With many offices reopening, most advisors are taking in-person meetings, though that is the primary method of communication for only 11% of advisors. In fact, as previously noted, in-person meetings highlight the largest divide between the primary method of client communication for advisors and what they believe is the most effective form of communication for overall client relations. In contrast, roughly 45% of surveyed financial advisors primarily call clients on the phone, but only 23% think it is the most effective communication method.

Exclusively Virtual Clients

Most financial advisors find that increased virtual communication with clients has been beneficial. About 36% of advisors say that it is much easier to maintain communication with their clients virtually while another 44% say that it is somewhat easier.

However, most financial advisors use virtual communication as an added way to talk to clients more frequently rather than working with clients exclusively virtually. More than 83% of surveyed financial advisors report that prior to the COVID-19 pandemic less than a quarter of their clientele was virtual. And though the recent figure stands at about 44% of advisors, less than 13% of advisors report that more than 75% of their clients are entirely remote.

Data and Methodology

Survey data for this report was collected by SmartAsset between April 6, 2022 and April 18, 2022. A total of 226 financial advisors responded to our survey. Though the full survey was 13 questions, not all questions were applicable to all advisors and some advisors chose to skip certain questions. We used the largest sample possible when discussing results for any given question.

Tips for Finding the Right Financial Advisor

  • Do your research. Financial advisors offer different types of services. And many have certifications and registrations based on their expertise. Our full guide can walk you through some of the basics to help you choose an advisor for your needs.
  • Know what you want to pay. Depending on the service provided, some financial advisors cost more than others. In general, financial advisors charge a flat fee of $1,500 to $2,500 for the one-time creation of a full financial plan, or roughly 1% of assets under management (AUM) for ongoing portfolio management. SmartAsset breaks down financial advisor fees here.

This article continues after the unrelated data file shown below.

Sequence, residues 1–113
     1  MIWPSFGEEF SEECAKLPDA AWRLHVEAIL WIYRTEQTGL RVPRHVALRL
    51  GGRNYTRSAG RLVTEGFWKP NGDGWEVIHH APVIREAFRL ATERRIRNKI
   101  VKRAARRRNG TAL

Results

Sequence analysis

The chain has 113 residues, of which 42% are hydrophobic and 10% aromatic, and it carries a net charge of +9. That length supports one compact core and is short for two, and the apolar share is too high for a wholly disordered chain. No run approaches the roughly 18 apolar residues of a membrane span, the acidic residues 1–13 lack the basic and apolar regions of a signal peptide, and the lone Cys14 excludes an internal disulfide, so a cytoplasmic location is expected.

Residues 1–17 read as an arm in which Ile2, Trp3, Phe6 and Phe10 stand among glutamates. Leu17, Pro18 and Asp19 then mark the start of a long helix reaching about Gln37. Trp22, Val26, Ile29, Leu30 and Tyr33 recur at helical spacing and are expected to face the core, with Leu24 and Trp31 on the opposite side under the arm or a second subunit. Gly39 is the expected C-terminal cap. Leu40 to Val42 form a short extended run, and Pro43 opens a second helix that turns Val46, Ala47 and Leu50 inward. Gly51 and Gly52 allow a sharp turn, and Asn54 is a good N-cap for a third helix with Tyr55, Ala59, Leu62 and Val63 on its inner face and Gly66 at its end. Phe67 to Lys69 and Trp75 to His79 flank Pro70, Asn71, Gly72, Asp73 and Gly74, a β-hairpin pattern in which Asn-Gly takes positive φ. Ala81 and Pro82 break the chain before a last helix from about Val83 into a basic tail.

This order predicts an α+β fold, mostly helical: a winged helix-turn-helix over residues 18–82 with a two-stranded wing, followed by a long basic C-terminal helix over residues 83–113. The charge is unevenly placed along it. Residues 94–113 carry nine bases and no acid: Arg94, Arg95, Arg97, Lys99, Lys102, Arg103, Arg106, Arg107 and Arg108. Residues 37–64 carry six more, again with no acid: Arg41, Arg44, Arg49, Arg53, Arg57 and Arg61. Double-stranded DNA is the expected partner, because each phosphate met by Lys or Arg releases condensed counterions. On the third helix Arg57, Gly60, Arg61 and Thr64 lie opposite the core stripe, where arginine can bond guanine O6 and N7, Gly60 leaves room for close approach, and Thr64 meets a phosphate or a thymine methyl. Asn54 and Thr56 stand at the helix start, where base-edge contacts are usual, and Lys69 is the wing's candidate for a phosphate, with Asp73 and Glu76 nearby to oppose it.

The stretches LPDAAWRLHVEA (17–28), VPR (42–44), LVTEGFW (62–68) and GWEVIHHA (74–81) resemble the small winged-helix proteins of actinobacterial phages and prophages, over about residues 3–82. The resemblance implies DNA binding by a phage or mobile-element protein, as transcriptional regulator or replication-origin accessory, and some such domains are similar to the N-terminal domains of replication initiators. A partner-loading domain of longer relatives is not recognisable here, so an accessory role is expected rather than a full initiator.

• Check out our matching tool. A financial advisor can help you make smarter financial decisions such as moving or being in better control of your money after you land a new job. SmartAsset’s free tool matches you with up to three financial advisors who serve your area, and you can interview your advisor matches at no cost to decide which one is right for you. If you’re ready to find an advisor who can help you achieve your financial goals, get started now.

Questions about our study? Contact us at press@smartasset.com

Photo credit: ©iStock.com/LaylaBird

Stephanie Horan, CEPF® Stephanie Horan is a data journalist at SmartAsset. A Certified Educator of Personal Finance (CEPF®), she sources and analyzes data to write studies relating to a variety of topics including mortgage, retirement and budgeting. Before coming to SmartAsset, she worked as an analyst at an asset management firm. Stephanie graduated from Williams College with a degree in Mathematics. Originally from Philadelphia, she has always been a Yankees fan and currently lives in New York.